‘‘We cannot see things in perspective until we cease to hug them to our bosom. When we let go of them we begin to appreciate them as they really are.’’ – Thomas Merton
It’s hard not to feel trapped when there’s nothing to do and nowhere to go. Current circumstances make it impossible to judge how much risk is acceptable to take with your own life and with the lives of those around you: family members, roommates, friends, and coworkers. But what can you do if the loneliness of isolation is driving you batshit crazy?
You can change your perspective.
Loneliness is generally regarded as a negative state that is marked by feelings of isolation. If you have these feelings when you are actually alone, then I’m going to side with you and say you are probably lonely. It’s worse if you experience being lonely when surrounded by people. There might be a sense of detachment or withdrawal of love that makes you feel that loss of connection with those around you. It might even be the inkling of depression. It’s going to take some deep soul searching to find the root cause.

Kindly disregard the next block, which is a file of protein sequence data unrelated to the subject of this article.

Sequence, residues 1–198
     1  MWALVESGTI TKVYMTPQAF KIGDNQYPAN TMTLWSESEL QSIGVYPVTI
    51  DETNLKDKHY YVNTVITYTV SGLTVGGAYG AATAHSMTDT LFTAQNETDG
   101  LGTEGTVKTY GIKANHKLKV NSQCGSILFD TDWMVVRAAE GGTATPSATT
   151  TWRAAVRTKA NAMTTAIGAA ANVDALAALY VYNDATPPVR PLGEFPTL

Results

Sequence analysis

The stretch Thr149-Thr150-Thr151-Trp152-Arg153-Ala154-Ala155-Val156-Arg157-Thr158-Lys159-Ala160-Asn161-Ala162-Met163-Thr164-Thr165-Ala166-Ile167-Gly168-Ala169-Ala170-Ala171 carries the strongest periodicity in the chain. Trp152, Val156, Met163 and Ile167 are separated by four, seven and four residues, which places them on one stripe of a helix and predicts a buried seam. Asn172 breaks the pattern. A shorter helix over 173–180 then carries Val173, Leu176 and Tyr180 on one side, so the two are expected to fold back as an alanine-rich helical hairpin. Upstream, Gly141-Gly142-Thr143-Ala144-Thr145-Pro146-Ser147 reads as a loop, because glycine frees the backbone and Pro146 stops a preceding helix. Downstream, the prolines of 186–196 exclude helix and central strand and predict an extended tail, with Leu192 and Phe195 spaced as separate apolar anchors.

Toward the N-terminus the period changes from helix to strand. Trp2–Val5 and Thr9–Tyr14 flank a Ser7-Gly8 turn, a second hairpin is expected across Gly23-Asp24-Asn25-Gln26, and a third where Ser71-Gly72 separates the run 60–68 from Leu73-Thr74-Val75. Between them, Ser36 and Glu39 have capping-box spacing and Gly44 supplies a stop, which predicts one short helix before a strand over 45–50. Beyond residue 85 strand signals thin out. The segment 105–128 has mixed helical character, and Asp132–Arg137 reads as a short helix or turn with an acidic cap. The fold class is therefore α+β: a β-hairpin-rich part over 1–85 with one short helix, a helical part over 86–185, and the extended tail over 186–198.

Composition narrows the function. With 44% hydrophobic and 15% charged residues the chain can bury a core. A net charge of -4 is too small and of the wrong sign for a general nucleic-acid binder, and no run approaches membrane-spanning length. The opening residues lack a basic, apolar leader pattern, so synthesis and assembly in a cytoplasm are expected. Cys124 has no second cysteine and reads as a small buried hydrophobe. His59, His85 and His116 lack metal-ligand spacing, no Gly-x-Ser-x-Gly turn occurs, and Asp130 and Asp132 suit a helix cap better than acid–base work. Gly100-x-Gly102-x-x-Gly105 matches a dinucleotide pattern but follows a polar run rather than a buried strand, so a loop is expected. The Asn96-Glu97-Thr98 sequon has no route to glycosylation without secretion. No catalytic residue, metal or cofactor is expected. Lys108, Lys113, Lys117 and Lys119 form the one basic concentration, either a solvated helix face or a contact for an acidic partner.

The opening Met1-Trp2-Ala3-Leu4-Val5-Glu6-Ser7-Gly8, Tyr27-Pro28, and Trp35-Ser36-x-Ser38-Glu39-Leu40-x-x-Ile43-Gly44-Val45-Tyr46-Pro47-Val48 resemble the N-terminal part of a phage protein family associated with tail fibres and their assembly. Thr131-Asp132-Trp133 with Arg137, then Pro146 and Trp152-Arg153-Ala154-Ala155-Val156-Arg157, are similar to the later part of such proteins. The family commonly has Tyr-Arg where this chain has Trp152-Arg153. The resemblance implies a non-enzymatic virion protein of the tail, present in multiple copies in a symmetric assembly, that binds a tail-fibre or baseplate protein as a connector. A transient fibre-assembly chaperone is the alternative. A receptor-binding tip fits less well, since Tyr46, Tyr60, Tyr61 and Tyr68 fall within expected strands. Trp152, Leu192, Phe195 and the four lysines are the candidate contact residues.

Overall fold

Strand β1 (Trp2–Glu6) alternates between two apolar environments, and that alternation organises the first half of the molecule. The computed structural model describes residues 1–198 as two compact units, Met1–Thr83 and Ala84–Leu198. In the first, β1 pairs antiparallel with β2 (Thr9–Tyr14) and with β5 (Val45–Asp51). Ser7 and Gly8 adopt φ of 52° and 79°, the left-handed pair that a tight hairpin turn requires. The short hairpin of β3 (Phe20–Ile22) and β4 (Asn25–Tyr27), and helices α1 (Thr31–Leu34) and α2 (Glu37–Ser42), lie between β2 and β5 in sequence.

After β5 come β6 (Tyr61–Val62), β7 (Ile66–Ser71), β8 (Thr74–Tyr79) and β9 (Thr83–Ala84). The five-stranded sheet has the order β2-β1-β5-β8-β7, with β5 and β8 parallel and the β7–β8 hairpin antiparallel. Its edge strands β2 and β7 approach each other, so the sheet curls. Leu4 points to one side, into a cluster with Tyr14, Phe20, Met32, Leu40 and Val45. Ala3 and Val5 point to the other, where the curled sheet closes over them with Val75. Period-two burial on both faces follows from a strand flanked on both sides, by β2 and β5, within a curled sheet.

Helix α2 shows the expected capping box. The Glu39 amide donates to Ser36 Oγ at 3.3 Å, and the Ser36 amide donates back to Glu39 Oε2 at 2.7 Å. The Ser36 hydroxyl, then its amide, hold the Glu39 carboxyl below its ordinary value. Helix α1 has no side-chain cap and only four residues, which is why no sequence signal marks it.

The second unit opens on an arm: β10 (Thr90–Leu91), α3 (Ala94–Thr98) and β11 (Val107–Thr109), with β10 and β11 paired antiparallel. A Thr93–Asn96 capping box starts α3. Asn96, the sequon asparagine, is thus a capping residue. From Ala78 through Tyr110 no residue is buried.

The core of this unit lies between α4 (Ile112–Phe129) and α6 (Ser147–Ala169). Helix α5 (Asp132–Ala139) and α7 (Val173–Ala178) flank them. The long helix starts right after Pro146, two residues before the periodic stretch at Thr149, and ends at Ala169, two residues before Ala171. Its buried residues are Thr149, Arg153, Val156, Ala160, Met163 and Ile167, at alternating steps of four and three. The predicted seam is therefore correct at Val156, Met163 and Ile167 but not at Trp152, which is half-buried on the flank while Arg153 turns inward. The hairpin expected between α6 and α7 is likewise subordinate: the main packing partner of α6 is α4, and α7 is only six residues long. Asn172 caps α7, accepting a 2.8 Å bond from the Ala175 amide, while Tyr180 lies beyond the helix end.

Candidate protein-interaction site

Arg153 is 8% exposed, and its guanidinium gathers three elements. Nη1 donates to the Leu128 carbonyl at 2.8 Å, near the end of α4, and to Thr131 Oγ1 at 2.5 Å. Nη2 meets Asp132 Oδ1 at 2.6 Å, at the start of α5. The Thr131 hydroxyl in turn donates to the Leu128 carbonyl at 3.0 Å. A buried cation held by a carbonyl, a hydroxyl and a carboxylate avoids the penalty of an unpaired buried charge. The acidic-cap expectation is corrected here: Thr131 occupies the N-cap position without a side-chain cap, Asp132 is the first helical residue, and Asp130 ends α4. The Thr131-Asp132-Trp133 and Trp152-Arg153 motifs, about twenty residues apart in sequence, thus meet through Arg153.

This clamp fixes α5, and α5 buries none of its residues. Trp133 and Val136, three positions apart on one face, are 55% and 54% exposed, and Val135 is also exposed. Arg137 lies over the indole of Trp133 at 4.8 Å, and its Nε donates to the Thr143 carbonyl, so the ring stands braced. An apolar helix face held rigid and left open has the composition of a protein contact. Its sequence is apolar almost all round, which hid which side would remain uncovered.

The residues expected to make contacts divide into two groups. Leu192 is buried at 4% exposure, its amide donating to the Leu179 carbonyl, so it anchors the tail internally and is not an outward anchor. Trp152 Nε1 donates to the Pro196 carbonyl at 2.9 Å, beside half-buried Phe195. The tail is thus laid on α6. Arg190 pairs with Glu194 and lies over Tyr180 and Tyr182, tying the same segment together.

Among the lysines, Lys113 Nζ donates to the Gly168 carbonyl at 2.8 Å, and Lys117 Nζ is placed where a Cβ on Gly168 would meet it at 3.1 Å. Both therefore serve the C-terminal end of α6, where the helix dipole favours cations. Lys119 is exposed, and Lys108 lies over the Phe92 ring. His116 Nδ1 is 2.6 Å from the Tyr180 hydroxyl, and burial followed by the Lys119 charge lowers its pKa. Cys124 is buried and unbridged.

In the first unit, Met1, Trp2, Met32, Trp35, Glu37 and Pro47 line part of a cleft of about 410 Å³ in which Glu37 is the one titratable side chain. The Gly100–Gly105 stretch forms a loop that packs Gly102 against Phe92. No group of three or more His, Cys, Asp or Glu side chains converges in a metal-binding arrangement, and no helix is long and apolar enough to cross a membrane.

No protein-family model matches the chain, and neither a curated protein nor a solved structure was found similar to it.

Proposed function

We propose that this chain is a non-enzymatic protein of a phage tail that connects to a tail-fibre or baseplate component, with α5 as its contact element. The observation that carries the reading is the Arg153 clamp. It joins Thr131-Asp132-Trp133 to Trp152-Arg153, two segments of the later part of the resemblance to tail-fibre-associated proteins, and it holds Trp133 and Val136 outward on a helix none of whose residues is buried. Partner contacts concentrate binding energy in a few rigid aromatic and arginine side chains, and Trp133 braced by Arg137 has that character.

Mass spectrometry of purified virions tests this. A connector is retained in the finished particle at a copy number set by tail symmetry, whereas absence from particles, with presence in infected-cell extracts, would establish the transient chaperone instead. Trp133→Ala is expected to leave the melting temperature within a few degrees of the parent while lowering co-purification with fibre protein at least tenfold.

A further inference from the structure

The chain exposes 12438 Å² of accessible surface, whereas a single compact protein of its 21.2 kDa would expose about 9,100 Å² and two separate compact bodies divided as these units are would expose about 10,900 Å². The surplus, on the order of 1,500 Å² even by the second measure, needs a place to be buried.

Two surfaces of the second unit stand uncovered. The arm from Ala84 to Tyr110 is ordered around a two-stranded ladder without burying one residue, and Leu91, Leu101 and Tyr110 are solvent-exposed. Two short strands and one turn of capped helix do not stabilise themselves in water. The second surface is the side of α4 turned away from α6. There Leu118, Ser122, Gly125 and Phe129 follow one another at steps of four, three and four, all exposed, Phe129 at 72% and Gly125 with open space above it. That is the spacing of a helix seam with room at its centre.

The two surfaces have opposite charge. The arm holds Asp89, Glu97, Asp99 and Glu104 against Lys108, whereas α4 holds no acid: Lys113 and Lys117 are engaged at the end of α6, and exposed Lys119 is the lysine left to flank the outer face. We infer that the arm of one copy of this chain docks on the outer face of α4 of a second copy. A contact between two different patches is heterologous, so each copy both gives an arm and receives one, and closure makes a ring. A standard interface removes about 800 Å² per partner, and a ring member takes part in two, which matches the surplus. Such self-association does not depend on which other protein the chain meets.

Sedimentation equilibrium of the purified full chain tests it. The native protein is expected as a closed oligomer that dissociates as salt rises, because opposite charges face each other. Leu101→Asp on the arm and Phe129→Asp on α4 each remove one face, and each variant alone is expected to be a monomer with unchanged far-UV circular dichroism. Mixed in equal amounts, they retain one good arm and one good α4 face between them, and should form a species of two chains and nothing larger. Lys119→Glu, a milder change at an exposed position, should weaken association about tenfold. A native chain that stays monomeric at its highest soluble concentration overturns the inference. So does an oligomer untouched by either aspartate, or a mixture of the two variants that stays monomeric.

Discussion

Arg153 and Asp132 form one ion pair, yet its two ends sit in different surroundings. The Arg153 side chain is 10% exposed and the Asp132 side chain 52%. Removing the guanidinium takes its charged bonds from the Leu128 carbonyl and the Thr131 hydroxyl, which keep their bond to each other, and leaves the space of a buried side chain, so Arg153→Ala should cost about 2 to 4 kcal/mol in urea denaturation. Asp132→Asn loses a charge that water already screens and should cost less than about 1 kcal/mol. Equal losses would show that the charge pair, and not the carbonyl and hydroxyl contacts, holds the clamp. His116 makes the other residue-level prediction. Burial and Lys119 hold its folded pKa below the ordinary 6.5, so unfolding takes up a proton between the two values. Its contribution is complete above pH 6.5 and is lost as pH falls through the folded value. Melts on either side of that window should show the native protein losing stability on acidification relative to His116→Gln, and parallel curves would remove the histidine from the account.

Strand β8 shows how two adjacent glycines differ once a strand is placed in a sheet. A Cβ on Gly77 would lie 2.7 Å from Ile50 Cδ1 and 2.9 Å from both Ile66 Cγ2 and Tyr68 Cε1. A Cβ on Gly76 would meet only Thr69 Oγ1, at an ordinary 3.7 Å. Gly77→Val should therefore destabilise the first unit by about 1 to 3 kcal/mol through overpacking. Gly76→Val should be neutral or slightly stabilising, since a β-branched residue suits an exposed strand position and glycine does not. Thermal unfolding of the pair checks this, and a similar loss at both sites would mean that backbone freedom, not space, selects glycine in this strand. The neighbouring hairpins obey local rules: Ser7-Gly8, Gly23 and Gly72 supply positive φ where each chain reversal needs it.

But what if you think about loneliness not as ‘loneliness’ at all and instead as solitude? Sure, we can argue that it would be nice to get a hug or to see someone smile and wave at you from across the hall. But what shifts within you when you think about leaning into being ‘isolated’ as protected, safe, content? Maybe a relationship failed. Maybe there wasn’t one to begin with. Maybe you used to look forward to commuting to work so you could interact with your peers. Either way, that’s all changed now. Can you fully accept the circumstances of now?
You choose to be alone to learn about yourself.
You choose to be alone to learn the language of your heart and mind.
You choose to be alone to seek comfort and serenity in your strength.
You choose solitude to disconnect from the static of the world around you.
You choose solitude to break away from having to react to others’ demands of you.
You choose solitude to give rise to originality and creativity.
Yes, it can be hard to be alone without seeking the comfort of another for a long period of time. It is even harder if you are an extrovert, because that is where you thrive. But you are strong and resilient. Shifting your perspective to embrace the current moment allows you to practice flexibility rather than letting loneliness win.